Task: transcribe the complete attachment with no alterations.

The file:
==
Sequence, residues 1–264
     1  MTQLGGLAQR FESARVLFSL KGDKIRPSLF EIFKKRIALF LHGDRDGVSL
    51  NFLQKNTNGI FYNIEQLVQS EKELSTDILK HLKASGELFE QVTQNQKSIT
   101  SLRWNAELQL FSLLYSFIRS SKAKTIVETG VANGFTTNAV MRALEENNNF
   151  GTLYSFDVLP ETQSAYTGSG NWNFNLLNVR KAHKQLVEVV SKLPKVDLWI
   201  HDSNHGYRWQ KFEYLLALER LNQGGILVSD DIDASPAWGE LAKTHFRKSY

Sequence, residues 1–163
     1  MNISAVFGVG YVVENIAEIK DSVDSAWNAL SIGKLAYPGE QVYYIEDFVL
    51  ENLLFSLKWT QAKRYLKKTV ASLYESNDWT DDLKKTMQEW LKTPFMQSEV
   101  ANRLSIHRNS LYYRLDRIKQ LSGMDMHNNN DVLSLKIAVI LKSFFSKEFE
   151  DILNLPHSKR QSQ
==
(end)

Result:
Sequence, residues 1–264
     1  MTQLGGLAQR FESARVLFSL KGDKIRPSLF EIFKKRIALF LHGDRDGVSL
    51  NFLQKNTNGI FYNIEQLVQS EKELSTDILK HLKASGELFE QVTQNQKSIT
   101  SLRWNAELQL FSLLYSFIRS SKAKTIVETG VANGFTTNAV MRALEENNNF
   151  GTLYSFDVLP ETQSAYTGSG NWNFNLLNVR KAHKQLVEVV SKLPKVDLWI
   201  HDSNHGYRWQ KFEYLLALER LNQGGILVSD DIDASPAWGE LAKTHFRKSY

Sequence, residues 1–163
     1  MNISAVFGVG YVVENIAEIK DSVDSAWNAL SIGKLAYPGE QVYYIEDFVL
    51  ENLLFSLKWT QAKRYLKKTV ASLYESNDWT DDLKKTMQEW LKTPFMQSEV
   101  ANRLSIHRNS LYYRLDRIKQ LSGMDMHNNN DVLSLKIAVI LKSFFSKEFE
   151  DILNLPHSKR QSQ